Well since I last wrote what’s happened?  On Tuesday, New Year’s Eve, I went up to Ann and Trish’s for a meal, and to go to a party with them. They had been carol singing with some Anglican group, and the people at the party were from this – but not a very friendly mob.  I talked to the same guy nearly all night, and one or two others.  The majority of them left us alone – the 2 girls, Anne’s sister Marie and self – until after we came back from Trafalgar Square, when most had gone home and there were less to contend with.  I’m supposed to be going to a meal at a pub called the Swiss Cottage on Sunday with 12 of them – some of those I got to know vaguely, but I’d sooner not go – it sounds a rather too expensive, and unnecessary evening.  The four of us went to T. Square to bring in the New Year, but apart from the spectacle of hundreds of balloons floating away up at midnight, and some nits prancing about in the fountains – we watched from a little distance on the St Martin’s in the Fields Church steps – it wasn’t very exciting.  And we were only there for a short while.  None of the girls wanted to go in the crowds, and though I might have if I’d been with Mike or Kevin or someone, they made me feel rather panicky with their constant insistences that we all hang onto each other ALL the time.  By the time we got home from the party it was about three – I was to sleep on a couple of chairs in a sleeping bag at the girls’ place – and I was feeling rather unpleasant generally – I helped those girls wash up the dishes twice that night, at the party, while the hostess stood around looking on!  And we missed a lift home to the girls’ house as a result.  (Aaaagh – what a mess this is.) I didn’t mind doing them the first time  - but twice was too much!  And then I slept badly, I had a bit of Kingsley’s sore throat, and I’m always too hot in a sleeping bag.  What a night!  And then I had to go to the copyist’s all day straight from the girls’ without a shave – I was too lazy to carry my shaving gear as well my pyjamas, but since I’d gone to the copyist’s on the Monday with a day’s growth then too, they probably think I live in a state of permanent bristle. I hadn’t been due to go anywhere on the Monday and had got caught out.  Anyway, Pat cooked me a fantastic breakfast – beans, an egg, sausages, toast – and since I was still feeling rubbishy I couldn’t even finish it!  She’ll make someone a marvellous wife – not me, though – I don’t think I could stand someone quite as scatty as those two can sometimes be around me for life!  [Apparently unaware that people do grow up.] Actually they’re not so scatty as of yore – just indecisive – eg, if I hadn’t sort of organized them about getting off and going to T. Sq, we’d never have got there. For all their close and long friendship, they don’t think alike enough for me.  [What?]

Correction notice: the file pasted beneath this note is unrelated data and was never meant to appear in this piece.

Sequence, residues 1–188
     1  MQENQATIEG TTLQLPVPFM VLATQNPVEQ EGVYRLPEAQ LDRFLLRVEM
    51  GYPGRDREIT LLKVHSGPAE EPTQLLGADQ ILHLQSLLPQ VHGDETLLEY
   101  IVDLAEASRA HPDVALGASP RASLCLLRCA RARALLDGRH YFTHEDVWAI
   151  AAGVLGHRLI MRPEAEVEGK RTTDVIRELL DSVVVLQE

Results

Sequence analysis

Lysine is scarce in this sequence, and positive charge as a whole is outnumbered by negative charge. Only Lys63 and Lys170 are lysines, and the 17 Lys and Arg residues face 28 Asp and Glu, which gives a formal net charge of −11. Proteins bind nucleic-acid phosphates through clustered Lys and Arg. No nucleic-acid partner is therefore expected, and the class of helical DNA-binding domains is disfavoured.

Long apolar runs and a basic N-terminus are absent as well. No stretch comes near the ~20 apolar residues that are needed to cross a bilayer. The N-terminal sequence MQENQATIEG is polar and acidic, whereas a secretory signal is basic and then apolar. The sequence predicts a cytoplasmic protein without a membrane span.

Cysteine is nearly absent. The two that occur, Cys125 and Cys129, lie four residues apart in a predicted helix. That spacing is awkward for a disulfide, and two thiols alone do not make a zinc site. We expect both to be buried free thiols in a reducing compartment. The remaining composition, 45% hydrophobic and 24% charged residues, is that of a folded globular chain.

To go on, I went to the copyist’s - did I tell you his name – George Bamford, in his late 40s I should think, glasses, little mo, and though apparently disorganized, a very thorough copyist – though even he with Zerox [sic] machines and all finds keeping up a task.  How did they do it in the old days?  His wife does all the photo-copying for him – he does all the necessary writing.  And though they appear to be a middle-class sort of couple they talk when their boy is there – he’s 19, 20, like East-enders.  In fact, George talks a good deal of the time  - and copies away while he does so!  But it was most fascinating to hear the talk around me of recording sessions, the Rolf Harris show (which they do all the copying for) concerts, etc.  I spent all day from about 11.15 till 6.00 cutting single lines of music from photo-copies, pasting them on (with double-sided Sellotape) another sheet (and editing them so that the players could turn over conveniently), in order that these sheets could then be cleaned up with a white paste substance (so that the edges of the cuts don’t show ) so that they could then be photographed again, blown up to a bigger size – the print was tiny – and thus turned into completely new parts.  Most of the work as awkward as this – this stuff was just too